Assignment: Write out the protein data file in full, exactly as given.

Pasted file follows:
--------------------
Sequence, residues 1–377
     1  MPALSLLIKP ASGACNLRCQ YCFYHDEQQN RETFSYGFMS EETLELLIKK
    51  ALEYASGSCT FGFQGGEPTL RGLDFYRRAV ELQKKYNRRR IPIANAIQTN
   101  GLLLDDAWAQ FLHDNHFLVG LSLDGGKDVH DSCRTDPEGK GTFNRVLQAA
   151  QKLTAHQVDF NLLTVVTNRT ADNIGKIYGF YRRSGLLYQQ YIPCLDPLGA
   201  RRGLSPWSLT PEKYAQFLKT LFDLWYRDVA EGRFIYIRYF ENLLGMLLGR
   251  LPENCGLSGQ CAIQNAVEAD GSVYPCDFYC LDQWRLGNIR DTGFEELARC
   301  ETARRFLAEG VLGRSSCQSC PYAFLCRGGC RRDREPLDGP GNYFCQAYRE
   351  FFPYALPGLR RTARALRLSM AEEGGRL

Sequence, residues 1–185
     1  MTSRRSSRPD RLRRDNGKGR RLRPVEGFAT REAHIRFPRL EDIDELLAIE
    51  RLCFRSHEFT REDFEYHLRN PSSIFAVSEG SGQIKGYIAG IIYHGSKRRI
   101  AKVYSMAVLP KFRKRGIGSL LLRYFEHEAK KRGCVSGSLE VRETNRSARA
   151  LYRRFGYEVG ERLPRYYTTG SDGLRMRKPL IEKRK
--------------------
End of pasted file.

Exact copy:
Sequence, residues 1–377
     1  MPALSLLIKP ASGACNLRCQ YCFYHDEQQN RETFSYGFMS EETLELLIKK
    51  ALEYASGSCT FGFQGGEPTL RGLDFYRRAV ELQKKYNRRR IPIANAIQTN
   101  GLLLDDAWAQ FLHDNHFLVG LSLDGGKDVH DSCRTDPEGK GTFNRVLQAA
   151  QKLTAHQVDF NLLTVVTNRT ADNIGKIYGF YRRSGLLYQQ YIPCLDPLGA
   201  RRGLSPWSLT PEKYAQFLKT LFDLWYRDVA EGRFIYIRYF ENLLGMLLGR
   251  LPENCGLSGQ CAIQNAVEAD GSVYPCDFYC LDQWRLGNIR DTGFEELARC
   301  ETARRFLAEG VLGRSSCQSC PYAFLCRGGC RRDREPLDGP GNYFCQAYRE
   351  FFPYALPGLR RTARALRLSM AEEGGRL

Sequence, residues 1–185
     1  MTSRRSSRPD RLRRDNGKGR RLRPVEGFAT REAHIRFPRL EDIDELLAIE
    51  RLCFRSHEFT REDFEYHLRN PSSIFAVSEG SGQIKGYIAG IIYHGSKRRI
   101  AKVYSMAVLP KFRKRGIGSL LLRYFEHEAK KRGCVSGSLE VRETNRSARA
   151  LYRRFGYEVG ERLPRYYTTG SDGLRMRKPL IEKRK